Note the drug pack on the patient's legs and the Thomas pack spread out to the right of the physician. This worked best in our setting.

Note the drug pack on the patient’s legs and the Thomas pack spread out to the right of the physician. This worked best in our setting.

Here’s what DIDN’T work.

This set up was very cumbersome if the drug pack is lying on a partially open Thomas pack. Another issue was the Thomas pack was still upright...and not lying flat.

This set up was very cumbersome if the drug pack is lying on a partially open Thomas pack. Another issue was the Thomas pack was still upright…and not lying flat. Also harder since we had to turn each time to get drugs rather than in front.

3. Apneic oxygenation: this is a bit trickier and something we’ll have to look at more closely to see what would be feasible since it will require 2 O2 sources. It was definitely challenging to get it set up when time constrained. (another must read paper on the value of apneic oxygenation).

Huge thanks to Karl for running through the sim case and providing value feedback on the ergonomics of the situation…what worked and what didn’t! We will all learn from this.

Helicopter cabin design for emergency medical services and interhospital transfer



ARHT is purchasing an AgustaWestland AW169, due for delivery in 2015. This provides an opportunity to to create a purpose-built interior that will best serve the helicopters mission profiles, and a considerable amount of planning is going into this.

This paper, published in Air Medical Journal 2012, details how specific cabin elements were designed and constructed for a German EC145 (the successor to the BK117 that the ARHT currently operates). Key to the design was a sliding module containing essential medical and monitoring equipment – the module can slide a considerable distance out the rear doors of the helicopter to aid the process of loading/unloading ventilated patients with lots of monitoring equipment in situ.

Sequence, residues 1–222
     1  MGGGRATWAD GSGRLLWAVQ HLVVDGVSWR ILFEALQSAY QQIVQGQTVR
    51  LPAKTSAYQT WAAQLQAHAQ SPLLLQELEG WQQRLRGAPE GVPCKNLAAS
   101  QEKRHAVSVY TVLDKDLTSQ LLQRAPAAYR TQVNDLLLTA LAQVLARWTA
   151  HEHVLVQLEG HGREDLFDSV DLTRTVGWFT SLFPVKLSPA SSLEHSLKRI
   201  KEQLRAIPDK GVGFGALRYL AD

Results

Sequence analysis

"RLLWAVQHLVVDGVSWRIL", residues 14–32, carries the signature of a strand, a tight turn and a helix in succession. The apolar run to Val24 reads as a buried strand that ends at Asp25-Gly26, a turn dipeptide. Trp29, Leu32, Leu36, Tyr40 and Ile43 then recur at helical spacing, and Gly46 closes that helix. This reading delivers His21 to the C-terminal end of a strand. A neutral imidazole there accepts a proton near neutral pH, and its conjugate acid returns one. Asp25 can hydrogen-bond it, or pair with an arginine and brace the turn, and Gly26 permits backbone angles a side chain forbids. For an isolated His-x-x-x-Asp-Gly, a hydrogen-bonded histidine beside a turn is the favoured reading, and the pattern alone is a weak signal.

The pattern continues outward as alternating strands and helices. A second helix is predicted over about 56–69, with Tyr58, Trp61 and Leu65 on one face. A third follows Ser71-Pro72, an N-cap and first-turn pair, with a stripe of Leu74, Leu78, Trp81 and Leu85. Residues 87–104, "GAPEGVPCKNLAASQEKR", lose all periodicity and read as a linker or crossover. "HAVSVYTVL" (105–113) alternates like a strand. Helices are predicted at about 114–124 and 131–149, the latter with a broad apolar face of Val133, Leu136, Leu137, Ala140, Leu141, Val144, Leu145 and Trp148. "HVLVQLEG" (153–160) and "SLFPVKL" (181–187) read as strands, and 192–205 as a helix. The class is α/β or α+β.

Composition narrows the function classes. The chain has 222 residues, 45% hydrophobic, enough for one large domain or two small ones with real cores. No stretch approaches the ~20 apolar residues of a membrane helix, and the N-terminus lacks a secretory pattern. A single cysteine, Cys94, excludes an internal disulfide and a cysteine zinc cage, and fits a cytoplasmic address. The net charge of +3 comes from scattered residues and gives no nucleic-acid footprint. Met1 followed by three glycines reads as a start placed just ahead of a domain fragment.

Full-text pdf of this article is available here (secure area limited to ADHB staff only – ADHB maintains an online subscription to this journal through the Philson Library at the University of Auckland School of Medicine)

Human factors in prehospital adverse events


In the last decade or so, hospital medicine has learned (often the hard way) the importance of recognising the impact that human factors have when dealing with illness or emergencies.

While there is ample literature regarding the importance of human factors on the purely ‘aviation’ side of aeromedical work, there is little information about the importance (or otherwise) in the ‘medical’ side of prehospital care. The differences in environment, staffing, skill mix, time course of the patient, and a comparative paucity of resources means that extrapolating the ‘ED human factors‘ approach to the prehospital setting may not automatically be valid.

A study by the Ambulance Service of New South Wales, published in EMJ in 2012, sought to look at how human factors contributed to adverse events in the prehospital setting. The study involved surveying qualified and trainee paramedics regarding jobs they had been involved in where an adverse event or ‘near-miss’ occurred. Data was gathered for 370 jobs. On average, there were 10 contributing factors for each adverse event (range 5-15) – a typical ‘Swiss Cheese Model‘.

Factors which significantly increased the likelihood of an adverse event occurring were:

  • deteriorating patient (most important risk factor)
  • uncertainty about a change in patient condition
  • panic
  • on initial presentation patient seemed well
  • adaptation from low to high severity case
  • uncertainty in diagnosis
  • presence of reduced LOC
  • uncertainty in diagnosis

The presence of these factors, particularly grouped together, made adverse events or ‘near-misses’ more likely to occur.